"We want to know": Website aims to make Brazil's new sunshine law user friendly (Interview)
Brazil recently passed its own sunshine law, codifying the right to make freedom of information requests from the government. While the legal battle over the law’s passage is over, many Brazilians are unsure about how to go about making freedom of information requests. The website Queremos Saber (“We Want to Know”) is trying to change that. This pioneering project seeks to facilitate information requests in Brazil and make communication between citizens and public servants more transparent.
Launched on Nov. 21, Queremos Saber was inspired by the British site “Why do they know” from My Society, a platform created by the community Transparency Hacker and the Open Knowledge Foundation Brasil. The open source software, Alavelti, was specially designed to make freedom of information requests.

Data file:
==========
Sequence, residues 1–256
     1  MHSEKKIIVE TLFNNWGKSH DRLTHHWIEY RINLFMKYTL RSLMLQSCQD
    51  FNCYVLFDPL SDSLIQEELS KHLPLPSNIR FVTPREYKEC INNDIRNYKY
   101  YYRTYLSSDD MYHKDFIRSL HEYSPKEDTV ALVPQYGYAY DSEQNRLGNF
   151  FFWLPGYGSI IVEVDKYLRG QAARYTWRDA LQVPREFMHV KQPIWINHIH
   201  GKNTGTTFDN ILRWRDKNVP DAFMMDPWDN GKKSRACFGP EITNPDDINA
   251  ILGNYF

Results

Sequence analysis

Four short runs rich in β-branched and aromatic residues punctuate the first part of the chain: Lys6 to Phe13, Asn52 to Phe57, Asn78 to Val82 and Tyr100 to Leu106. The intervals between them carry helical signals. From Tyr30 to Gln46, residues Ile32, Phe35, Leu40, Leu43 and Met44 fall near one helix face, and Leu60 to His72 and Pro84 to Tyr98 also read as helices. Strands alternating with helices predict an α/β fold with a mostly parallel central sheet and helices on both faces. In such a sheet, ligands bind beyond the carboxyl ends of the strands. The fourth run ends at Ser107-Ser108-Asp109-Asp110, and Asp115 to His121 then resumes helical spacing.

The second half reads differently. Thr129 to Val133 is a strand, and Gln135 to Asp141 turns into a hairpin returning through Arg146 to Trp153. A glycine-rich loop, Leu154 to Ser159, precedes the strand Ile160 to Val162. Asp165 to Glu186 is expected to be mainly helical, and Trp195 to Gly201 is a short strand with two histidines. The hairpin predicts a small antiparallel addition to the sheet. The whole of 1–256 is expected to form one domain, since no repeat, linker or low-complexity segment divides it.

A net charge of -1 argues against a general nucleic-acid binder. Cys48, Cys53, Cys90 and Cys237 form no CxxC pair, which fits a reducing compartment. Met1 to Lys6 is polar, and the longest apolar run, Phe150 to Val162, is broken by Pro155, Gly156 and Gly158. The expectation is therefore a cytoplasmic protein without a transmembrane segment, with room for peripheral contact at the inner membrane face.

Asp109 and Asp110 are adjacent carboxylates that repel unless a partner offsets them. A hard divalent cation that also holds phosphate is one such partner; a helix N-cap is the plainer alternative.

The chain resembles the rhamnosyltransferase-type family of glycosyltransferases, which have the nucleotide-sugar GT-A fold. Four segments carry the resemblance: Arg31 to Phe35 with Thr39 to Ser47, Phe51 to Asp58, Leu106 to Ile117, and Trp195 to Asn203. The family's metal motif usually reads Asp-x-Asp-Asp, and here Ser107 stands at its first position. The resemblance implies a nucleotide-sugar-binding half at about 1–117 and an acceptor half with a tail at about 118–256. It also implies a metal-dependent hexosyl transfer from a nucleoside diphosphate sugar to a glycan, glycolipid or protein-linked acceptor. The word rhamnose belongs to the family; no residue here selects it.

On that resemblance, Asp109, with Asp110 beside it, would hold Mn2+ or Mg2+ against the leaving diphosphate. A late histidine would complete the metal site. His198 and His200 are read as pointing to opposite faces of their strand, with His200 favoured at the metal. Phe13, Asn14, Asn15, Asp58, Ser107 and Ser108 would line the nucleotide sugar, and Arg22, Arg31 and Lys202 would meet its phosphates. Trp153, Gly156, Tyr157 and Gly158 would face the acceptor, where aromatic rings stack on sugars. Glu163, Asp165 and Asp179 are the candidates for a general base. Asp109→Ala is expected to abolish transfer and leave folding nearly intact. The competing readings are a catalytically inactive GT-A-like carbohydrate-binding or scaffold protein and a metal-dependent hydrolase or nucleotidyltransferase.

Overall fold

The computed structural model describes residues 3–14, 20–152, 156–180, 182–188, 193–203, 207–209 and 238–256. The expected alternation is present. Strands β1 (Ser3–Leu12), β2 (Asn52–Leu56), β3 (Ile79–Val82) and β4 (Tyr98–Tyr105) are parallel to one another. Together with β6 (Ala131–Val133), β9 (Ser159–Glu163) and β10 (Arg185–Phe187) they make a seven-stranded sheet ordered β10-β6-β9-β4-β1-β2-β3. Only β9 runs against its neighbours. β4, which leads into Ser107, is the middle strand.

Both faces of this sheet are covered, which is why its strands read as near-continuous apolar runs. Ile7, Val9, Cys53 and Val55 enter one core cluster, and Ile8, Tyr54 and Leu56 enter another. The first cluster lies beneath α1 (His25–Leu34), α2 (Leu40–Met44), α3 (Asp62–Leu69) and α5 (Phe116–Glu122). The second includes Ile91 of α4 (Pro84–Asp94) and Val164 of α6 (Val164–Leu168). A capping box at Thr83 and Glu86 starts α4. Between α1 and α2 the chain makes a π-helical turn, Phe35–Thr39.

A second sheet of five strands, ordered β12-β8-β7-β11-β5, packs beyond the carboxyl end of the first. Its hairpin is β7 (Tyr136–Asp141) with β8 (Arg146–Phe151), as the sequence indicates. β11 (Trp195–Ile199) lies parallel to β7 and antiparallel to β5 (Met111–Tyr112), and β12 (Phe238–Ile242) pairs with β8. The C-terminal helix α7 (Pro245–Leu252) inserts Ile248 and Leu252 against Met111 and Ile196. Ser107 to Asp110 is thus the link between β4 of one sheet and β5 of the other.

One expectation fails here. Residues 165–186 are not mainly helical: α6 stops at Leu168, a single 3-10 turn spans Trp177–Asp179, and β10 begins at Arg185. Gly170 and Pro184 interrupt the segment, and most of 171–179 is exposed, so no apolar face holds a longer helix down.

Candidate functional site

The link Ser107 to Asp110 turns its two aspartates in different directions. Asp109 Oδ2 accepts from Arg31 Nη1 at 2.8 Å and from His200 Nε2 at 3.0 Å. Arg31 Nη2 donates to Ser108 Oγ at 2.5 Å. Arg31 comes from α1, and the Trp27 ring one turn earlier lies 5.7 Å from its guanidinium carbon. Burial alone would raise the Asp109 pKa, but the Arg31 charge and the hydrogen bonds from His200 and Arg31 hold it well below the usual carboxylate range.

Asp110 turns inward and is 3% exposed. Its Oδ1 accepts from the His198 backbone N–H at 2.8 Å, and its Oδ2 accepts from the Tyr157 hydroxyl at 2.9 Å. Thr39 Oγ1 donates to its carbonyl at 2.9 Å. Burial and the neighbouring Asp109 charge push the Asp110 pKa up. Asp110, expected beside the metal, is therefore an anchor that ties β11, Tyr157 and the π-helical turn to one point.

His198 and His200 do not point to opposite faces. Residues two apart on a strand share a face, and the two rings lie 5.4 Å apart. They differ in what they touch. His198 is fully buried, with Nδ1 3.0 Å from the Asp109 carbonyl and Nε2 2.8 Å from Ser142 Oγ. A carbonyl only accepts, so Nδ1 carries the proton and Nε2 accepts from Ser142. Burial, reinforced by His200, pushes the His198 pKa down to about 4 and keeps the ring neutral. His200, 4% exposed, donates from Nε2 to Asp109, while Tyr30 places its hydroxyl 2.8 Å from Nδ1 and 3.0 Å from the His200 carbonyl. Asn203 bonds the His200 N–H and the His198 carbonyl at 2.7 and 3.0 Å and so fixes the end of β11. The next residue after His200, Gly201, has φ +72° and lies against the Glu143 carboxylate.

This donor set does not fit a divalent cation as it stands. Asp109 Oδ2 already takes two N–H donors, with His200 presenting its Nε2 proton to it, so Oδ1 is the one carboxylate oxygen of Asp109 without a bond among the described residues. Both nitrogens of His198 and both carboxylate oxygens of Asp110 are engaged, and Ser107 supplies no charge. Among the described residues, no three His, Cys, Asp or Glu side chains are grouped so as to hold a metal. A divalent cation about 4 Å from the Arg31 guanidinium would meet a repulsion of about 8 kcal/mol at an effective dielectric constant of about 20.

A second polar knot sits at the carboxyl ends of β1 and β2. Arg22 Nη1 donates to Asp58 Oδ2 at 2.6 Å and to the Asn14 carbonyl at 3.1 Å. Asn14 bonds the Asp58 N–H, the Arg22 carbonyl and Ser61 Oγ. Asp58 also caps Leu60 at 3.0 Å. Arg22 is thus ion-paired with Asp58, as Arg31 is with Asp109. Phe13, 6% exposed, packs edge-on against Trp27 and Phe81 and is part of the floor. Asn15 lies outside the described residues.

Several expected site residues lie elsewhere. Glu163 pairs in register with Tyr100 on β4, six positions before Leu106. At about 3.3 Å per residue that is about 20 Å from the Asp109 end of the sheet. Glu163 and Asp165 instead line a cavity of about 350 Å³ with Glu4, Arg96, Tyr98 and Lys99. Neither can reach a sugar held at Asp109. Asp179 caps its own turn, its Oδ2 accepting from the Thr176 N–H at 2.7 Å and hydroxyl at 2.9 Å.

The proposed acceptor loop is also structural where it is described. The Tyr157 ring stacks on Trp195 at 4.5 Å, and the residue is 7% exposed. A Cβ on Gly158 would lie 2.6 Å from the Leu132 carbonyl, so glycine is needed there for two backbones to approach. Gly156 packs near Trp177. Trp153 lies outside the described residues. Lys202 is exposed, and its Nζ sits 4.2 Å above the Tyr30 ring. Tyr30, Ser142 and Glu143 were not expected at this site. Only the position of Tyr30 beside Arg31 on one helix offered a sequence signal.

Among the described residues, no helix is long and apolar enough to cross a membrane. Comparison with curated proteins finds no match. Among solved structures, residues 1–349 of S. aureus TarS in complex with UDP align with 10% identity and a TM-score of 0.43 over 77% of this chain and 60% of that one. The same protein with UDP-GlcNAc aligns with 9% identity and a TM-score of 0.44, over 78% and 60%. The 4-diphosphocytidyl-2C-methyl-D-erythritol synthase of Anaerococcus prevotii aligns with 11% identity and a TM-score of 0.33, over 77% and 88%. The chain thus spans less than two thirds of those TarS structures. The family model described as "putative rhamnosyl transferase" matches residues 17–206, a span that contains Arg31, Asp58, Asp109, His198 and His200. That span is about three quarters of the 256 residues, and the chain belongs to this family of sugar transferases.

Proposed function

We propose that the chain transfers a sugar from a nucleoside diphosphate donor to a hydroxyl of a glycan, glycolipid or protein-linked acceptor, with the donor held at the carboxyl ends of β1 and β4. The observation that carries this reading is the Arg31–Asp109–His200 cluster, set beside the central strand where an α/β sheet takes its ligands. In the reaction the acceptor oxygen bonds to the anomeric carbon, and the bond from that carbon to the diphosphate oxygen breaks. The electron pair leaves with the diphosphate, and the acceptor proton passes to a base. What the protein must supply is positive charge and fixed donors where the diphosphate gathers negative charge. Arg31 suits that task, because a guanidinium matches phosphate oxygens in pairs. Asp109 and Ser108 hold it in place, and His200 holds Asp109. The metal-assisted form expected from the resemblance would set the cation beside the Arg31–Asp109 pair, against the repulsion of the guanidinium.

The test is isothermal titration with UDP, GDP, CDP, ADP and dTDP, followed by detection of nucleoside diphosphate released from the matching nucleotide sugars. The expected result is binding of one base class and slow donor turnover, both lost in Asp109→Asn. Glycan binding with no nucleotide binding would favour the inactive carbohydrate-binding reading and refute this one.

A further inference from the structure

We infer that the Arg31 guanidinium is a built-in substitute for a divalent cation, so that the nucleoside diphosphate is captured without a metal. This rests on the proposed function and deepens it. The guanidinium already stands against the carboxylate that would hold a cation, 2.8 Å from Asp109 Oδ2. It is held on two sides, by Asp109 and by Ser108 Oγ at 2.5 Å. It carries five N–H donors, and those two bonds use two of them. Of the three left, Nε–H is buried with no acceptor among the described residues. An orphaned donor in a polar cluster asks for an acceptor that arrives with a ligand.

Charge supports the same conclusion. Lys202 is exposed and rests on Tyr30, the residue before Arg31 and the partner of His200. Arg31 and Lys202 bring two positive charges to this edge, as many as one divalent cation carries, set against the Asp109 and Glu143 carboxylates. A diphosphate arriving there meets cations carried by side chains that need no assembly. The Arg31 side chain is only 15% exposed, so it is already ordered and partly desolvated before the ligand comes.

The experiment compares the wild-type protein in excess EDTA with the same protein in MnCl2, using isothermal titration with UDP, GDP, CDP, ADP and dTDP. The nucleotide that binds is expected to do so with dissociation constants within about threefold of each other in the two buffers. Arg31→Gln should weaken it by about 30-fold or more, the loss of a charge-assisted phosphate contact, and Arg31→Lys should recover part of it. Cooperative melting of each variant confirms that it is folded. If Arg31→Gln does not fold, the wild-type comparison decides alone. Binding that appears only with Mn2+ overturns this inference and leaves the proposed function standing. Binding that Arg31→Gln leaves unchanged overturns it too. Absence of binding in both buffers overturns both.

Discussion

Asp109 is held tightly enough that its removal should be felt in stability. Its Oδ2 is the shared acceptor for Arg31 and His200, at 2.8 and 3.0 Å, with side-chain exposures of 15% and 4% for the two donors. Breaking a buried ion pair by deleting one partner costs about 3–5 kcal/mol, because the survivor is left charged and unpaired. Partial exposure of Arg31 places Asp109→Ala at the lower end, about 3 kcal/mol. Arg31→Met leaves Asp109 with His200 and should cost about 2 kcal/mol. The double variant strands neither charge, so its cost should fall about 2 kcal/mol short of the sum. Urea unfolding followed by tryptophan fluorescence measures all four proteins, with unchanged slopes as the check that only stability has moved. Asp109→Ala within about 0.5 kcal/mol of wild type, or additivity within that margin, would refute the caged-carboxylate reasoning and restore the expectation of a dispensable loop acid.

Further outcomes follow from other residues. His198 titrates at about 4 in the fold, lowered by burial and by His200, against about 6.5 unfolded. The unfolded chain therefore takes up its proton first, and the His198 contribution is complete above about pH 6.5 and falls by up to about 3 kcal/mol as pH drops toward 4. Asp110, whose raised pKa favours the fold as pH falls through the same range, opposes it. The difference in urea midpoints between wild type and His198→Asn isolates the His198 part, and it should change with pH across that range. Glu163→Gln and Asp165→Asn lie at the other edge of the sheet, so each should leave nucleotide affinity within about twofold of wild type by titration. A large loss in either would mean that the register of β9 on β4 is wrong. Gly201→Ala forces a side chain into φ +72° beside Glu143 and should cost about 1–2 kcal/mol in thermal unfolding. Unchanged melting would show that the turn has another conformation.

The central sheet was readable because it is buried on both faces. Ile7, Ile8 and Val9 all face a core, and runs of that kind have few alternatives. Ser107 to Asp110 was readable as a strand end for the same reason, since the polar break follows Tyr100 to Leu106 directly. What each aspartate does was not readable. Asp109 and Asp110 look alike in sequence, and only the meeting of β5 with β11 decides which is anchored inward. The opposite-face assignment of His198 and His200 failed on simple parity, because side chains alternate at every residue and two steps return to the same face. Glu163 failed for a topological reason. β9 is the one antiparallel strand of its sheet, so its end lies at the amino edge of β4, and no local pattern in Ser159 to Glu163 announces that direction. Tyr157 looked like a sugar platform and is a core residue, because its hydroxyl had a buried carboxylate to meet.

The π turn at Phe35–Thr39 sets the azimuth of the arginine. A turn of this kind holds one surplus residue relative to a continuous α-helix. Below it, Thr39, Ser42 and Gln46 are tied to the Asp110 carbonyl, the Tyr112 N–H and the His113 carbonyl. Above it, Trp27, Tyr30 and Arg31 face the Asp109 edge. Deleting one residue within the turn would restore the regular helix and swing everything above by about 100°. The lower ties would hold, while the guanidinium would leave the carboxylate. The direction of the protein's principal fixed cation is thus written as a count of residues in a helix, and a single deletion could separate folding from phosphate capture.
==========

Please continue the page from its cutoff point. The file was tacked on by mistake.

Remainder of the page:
When user go to the website they simply select the government office and type in their request. The request is recorded on the website’s database and becomes available to later users so the same request is not made more than once.
One of the creators of the website and member of Transparency Hacker, Pedro Markun, described the experience founding Queremos Saber to the Knight Center for Journalism in the Americas.
Knight Center: What inspired the creation of Queremos Saber?
Pedro Markun: The approval process of the sunshine law, mostly. When we put the website online, the bill had just been passed by the Senate and was awaiting President Dilma Rousseff’s signature. Now that the bill has been signed into law, the website has become a strategic tool to make it accessible. The idea came up in conversation between members of Transparency Hacker and the Open Knowledge Foundation in Brazil.
KC: How does the website work?